For more than a year, Washington Football Team Coach Ron Rivera has done all he can to wipe away the franchise’s previous, dismal decade as if peeling rust from the side of a dumpster.

One by one, the pillars of that recent past are being tossed away because they represent a time from before his arrival and are thus reminders of a history he must rewrite. Gone is Trent Williams, the perennial Pro Bowl left tackle. Gone is Kyle Smith, the promising young executive who gave the team four strong drafts. Gone soon will be the organization’s all-time sacks leader, Ryan Kerrigan. Gone, as well, will be Alex Smith.

Smith was right when he told GQ that he was the “leftovers” and “this liability” for Rivera when he returned to Washington last summer. Rivera was building for the next 10 years. The last thing the coach needed was a 36-year-old quarterback with a titanium rod in a hollowed-out leg hobbling from the painful past onto the new landscape he is seeking to create. At a moment when Rivera needed simplicity, Smith’s surprise return made things complicated.

Rebuilding from a disaster often brings awkward choices. Rivera is hardly the first football coach to declare himself the leader of a new era. The game is filled with men who have been far more extreme, pulling old pictures from the office walls, declaring the team’s records now start with them. Rivera came with a reputation for creating a different culture. Part of installing a new culture is forgetting the old one.

But in removing Smith — his predecessor’s $94 million bet on a franchise savior who became the unfortunate victim of a devastating injury — Rivera is tossing out the player who might have done the most to create the positive, fighting culture he is trying to implement. Nothing could be better for a fledgling team, desperate to understand the heart of a battle, than the quarterback whose career had been left for dead, coming in midseason to win five games and lead it to the playoffs.

Through a tumultuous autumn, Smith’s football miracle and Rivera’s cancer fight ran together as the NFL’s best stories, and for a time there was room for both tales in Washington. Smith got the team to a place Rivera wouldn’t have been able to had the old quarterback not shown up to the shock of all on the eve of training camp.

Of course, the limitations were always there. This Smith couldn’t move as well as the previous one. He wore a special brace around his right leg just to keep his foot from dropping flat to the turf. And no engineering, no matter how amazing, could recover that lost step. He was no longer elusive. The bone bruise that kept him from two of the season’s final games and the playoff loss to Tampa Bay was a warning to all that he probably can’t be the starter even for another year.

In just the past month, two former NFL general managers and a former coach have said Smith is all but done. One used the word “regression” to describe Smith’s current skills. It was a cold assessment but an honest glimpse into the bottom-line world of football executives who strip players to a basic truth: Can he play?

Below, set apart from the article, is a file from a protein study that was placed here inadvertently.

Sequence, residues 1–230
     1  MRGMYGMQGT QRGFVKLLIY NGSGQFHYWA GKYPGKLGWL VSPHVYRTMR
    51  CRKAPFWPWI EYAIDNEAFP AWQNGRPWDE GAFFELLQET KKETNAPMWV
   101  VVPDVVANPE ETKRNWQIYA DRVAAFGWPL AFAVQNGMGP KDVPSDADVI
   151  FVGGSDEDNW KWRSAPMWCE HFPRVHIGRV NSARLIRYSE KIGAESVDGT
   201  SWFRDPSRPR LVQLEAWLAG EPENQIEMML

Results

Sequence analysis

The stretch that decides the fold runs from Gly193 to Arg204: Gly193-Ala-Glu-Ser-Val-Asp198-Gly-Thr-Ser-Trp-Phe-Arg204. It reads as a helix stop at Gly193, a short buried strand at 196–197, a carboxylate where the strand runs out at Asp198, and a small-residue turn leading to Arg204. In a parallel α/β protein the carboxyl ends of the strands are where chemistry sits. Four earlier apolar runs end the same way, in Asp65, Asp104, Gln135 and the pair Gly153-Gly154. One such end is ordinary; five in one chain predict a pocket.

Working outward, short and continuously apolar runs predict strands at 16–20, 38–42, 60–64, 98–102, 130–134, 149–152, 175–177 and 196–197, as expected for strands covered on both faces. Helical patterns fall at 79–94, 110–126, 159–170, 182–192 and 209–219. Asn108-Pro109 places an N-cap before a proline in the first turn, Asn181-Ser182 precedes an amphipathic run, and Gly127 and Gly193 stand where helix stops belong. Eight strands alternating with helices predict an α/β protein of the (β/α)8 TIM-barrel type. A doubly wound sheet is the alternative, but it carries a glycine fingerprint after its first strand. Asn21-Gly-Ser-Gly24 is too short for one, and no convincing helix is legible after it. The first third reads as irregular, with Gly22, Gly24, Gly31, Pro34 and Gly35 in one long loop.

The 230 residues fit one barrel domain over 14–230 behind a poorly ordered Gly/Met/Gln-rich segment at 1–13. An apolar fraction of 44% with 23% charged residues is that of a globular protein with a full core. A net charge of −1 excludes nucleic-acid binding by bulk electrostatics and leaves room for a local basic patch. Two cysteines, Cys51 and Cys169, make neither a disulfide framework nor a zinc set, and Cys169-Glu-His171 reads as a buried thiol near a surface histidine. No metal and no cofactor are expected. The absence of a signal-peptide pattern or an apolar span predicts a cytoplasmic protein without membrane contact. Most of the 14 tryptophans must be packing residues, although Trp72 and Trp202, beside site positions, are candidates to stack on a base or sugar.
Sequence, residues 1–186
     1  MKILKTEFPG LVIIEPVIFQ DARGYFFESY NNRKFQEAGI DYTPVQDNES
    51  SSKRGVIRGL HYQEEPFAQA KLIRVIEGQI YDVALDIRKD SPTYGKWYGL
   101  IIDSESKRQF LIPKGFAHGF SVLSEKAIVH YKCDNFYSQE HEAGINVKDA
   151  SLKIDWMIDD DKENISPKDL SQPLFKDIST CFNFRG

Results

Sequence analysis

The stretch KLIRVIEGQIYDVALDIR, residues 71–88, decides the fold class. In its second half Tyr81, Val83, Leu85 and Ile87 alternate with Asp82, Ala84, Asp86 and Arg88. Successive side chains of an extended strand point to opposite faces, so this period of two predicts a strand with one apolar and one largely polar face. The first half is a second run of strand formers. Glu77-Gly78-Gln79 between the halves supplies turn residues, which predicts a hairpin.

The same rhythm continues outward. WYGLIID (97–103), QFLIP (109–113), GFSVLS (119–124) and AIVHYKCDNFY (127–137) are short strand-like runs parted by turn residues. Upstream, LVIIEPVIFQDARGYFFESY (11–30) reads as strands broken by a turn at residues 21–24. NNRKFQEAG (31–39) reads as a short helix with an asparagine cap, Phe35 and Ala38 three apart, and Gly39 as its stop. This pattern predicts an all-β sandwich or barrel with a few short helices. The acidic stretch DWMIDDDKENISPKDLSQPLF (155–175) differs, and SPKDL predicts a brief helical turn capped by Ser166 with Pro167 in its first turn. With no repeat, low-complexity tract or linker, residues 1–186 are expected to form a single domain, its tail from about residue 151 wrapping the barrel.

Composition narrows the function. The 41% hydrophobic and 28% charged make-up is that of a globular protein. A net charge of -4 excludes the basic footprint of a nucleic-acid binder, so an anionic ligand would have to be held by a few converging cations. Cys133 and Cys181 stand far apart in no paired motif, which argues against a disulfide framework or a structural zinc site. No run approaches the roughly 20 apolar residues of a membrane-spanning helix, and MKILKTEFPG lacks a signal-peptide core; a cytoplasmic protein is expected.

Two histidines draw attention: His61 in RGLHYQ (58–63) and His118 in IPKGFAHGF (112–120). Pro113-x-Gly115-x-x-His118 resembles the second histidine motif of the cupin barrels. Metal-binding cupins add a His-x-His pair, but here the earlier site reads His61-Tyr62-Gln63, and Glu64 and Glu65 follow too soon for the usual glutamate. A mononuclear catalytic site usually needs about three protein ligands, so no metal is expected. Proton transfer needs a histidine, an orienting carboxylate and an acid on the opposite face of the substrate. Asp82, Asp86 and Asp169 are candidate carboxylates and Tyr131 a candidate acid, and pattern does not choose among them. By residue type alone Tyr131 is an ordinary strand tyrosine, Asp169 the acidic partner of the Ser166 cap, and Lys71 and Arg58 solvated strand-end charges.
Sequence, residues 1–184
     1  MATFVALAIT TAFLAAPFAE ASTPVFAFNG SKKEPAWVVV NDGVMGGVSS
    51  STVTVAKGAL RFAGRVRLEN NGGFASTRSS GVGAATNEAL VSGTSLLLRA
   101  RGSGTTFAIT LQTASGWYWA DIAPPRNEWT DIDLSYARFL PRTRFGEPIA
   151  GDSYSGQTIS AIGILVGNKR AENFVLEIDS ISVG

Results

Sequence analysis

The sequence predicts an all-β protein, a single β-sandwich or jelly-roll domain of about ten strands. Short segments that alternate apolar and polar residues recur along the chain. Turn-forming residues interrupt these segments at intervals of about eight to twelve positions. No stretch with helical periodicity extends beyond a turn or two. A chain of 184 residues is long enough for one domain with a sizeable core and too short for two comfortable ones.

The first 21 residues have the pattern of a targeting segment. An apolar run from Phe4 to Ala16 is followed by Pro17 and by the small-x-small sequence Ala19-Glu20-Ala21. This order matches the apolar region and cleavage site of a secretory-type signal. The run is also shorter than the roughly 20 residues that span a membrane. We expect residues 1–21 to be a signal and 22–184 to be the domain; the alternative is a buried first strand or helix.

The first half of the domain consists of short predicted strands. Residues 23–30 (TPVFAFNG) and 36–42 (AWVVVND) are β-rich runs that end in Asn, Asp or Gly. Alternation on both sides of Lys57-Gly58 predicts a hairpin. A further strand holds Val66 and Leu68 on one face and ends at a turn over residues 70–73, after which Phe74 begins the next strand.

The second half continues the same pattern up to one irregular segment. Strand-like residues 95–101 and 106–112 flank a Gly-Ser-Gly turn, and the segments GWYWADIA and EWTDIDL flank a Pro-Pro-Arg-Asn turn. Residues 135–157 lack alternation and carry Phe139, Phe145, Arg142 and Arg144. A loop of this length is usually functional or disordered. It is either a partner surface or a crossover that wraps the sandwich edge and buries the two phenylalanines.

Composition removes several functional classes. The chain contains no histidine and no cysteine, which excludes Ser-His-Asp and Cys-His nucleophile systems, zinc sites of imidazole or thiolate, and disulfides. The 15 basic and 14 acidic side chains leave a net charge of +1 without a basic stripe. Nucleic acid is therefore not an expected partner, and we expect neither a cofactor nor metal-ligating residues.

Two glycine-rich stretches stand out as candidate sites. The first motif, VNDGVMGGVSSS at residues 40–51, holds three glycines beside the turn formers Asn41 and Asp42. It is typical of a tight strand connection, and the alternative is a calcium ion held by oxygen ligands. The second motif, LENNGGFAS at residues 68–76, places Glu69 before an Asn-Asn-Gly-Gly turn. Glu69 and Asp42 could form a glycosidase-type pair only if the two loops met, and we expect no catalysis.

Still, there was no doubt Washington was a different team with Smith at quarterback. The players revered how he took control of games, how calm he was in the huddle, how he got back on the field when no one believed he would play again after 17 surgeries. Without saying a word, he taught them about belief.

Rivera needs his quarterback of the future, the player who will be for him with Washington what Cam Newton was for him with Carolina. He needs his leader for the 2020s, and to find that he has to cut as many connections from the 2010s as he can. He, Marty Hurney and Martin Mayhew are scrambling to find his Washington Newton. Given the run they made at Matthew Stafford before the Detroit Lions traded him to the Los Angeles Rams, it seems clear they are looking for someone experienced and not trying to gamble on the draft.

The danger in falling for a quarterback with what the football people call a “big arm” is that Rivera, Hurney and Mayhew also must replace the thing Smith brought most of all: a presence. Washington can’t try to find someone gifted and hope that player can learn to be a leader. The new person will have to fill a room.

A lot of good things can happen in the new era Rivera is trying to forge. Releasing Smith will save about $15 million against the salary cap, giving Washington roughly $53 million of cap space to bring in a new quarterback as well as add playmakers and solidify the offensive line on a team that already has one of the league’s best defenses. The future could be bright.

But even if this new quarterback eventually takes Washington to the Super Bowl, no one should forget the player who did more than anyone to bring back winning and instill the strong culture: the inconvenient liability who helped salvage what could have been a lost first chapter in the history Rivera is writing.